We too, share our testimony just as the old Easter hymn voiced it:
I serve a risen Savior, He’s in the world today
I know that He is living, whatever men may say
I see His hand of mercy, I hear His voice of cheer
And just the time I need Him He’s always near
He lives (He lives), He lives (He lives), Christ Jesus lives today
He walks with me and talks with me
Along life’s narrow way
He lives (He lives), He lives (He lives), Salvation to impart
You ask me how I know He lives?
He lives within my heart
Third, the gift of the Holy Spirit comes with the gift of salvation.  Jesus said that the Holy Spirit would give the power to be witnesses of Jesus to his disciples. That means the Holy Spirit in us gives us something to tell.  It is through the Holy Spirit that we personally know Jesus and experience his life giving power that transforms our lives.  This is what we give witness to, guided and motivated by the Holy Spirit.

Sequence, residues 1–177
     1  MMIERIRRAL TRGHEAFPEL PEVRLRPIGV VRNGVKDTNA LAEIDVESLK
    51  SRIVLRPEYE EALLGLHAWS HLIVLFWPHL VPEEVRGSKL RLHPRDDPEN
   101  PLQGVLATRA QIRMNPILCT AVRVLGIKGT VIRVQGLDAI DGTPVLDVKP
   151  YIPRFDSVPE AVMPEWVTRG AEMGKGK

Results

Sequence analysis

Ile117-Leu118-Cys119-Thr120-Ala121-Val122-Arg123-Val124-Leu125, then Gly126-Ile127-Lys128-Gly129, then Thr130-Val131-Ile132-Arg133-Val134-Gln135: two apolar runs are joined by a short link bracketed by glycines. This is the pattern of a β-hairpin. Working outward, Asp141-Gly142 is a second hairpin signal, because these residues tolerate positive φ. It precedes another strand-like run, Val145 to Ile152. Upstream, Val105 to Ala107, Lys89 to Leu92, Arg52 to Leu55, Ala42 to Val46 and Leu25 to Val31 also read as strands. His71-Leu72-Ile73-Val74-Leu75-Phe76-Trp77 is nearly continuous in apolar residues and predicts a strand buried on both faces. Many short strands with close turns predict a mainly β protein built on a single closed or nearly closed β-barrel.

Fourth is the multiplying effect.  The purpose of these sermons is to invite others to faith in Christ. Sermons end with an invitation to the listeners to repent of sin and profess their faith in Jesus by being baptized, then they too would receive the gift of the Holy Spirit. On the day of Pentecost alone, about 3000 became believers in Jesus.